Turkish court rules letter criticising Turkey’s assault on Afrin was not terror propaganda

A Turkish court in the capital of Ankara has dismissed legal proceedings against 167 intellectuals, artists, and civil society activists who signed a joint letter criticising Turkey’s military operation in the northwestern Syrian province of Afrin, Diken news site reported on Friday.

Turkey’s military launched Operation Olive Branch on Jan. 20, 2018, with support from Free Syrian Army (FSA) fighters, aiming to take Afrin from the majority-Kurdish Democratic Union Party (PYD) and its armed wing, the People’s Protection Units (YPG).

Ankara sees the PYD/YPG as an extension of the Kurdistan Workers Party (PKK), which has been fighting inside Turkey since 1984 and is designated as a terrorist organisation by the United States and the European Union.

A group of prominent figures, including academics, journalists, artists, and human rights activists, sent a joint letter to Turkey’s parliament urging them to oppose the operation.

Turkish President Recep Tayyip Erdoğan called the signatories “traitors, conscienceless and cowards” and ordered a criminal investigation over terror charges, according to Diken.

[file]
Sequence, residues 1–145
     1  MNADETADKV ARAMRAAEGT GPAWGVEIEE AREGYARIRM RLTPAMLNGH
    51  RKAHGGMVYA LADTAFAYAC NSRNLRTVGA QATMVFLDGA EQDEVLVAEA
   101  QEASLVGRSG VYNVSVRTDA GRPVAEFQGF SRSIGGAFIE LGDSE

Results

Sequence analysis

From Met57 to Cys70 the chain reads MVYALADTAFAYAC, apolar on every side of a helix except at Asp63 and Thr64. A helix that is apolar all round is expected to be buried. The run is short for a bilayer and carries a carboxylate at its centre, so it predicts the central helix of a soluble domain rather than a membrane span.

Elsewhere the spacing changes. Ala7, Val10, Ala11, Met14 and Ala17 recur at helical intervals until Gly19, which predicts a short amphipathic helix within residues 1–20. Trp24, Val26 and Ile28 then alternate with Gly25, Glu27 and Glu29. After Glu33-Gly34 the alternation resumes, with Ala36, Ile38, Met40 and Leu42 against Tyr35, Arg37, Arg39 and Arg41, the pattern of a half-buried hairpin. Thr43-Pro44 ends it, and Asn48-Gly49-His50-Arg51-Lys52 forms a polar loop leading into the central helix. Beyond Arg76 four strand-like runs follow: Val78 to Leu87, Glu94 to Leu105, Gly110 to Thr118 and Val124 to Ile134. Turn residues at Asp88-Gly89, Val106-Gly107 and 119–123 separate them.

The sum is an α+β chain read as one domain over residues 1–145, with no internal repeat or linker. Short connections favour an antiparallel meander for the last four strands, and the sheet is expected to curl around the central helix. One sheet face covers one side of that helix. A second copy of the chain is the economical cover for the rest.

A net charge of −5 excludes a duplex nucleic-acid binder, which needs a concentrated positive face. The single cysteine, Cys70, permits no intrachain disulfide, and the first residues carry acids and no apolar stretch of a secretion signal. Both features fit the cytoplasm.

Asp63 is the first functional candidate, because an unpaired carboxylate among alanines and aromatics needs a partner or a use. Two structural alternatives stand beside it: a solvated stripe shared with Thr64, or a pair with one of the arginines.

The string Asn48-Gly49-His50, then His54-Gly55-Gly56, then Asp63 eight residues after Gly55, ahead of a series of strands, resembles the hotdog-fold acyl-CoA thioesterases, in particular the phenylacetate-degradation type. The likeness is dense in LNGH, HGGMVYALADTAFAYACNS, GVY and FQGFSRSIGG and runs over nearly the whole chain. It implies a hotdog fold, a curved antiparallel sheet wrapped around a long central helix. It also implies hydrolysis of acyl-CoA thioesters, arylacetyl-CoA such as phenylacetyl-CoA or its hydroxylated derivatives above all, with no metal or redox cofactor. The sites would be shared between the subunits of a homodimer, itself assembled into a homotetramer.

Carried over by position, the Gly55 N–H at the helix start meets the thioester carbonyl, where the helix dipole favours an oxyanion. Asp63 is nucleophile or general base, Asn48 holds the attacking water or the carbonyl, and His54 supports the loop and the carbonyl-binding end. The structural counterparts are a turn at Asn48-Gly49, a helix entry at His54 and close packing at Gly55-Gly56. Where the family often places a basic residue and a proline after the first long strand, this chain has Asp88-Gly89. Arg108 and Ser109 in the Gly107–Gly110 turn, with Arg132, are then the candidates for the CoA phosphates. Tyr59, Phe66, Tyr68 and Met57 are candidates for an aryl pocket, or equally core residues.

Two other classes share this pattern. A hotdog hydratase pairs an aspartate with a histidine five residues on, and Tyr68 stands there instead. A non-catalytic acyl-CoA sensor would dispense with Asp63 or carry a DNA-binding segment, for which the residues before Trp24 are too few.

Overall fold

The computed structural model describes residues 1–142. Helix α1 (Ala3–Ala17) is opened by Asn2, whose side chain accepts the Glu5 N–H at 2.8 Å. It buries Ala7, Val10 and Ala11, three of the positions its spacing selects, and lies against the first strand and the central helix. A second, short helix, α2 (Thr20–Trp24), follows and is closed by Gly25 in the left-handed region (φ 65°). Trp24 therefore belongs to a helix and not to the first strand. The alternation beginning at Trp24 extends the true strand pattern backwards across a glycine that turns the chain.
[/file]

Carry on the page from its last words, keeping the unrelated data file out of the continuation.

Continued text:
Turkish prosecutors have launched an investigation into the petition on Dec. 8, 2018.

Ankara Chief Public Prosecutor's office ruled that an academic had not made propaganda for a terrorist organisation by signing the petition, Diken said.

The joint letter did not promote or legitimise acts of violence by terrorist organisations and thus it did not overstep the bounds of freedom of expression, the ruling said.

Academics Ahmet İnsel, Baskın Oran, and Murat Belge, Turkey’s famous pollster Tarhan Erdem, Kurdish activist Nurcan Baysal, artists Genco Erkal, Gülriz Sururi, Halil Ergün, authors Burhan Sönmez and Oya Baydar, journalists Hasan Cemal and Zeynep Oral were among the 167 signatories that included people coming from different ideological backgrounds.

Last month, in a decision hailed as an important step for freedom of expression, Turkey’s Constitutional Court ruled that charges brought against hundreds of academics who signed a 2016 petition criticising the Turkish military’s heavy-handed anty insurgency tactics had violated their freedom of expression.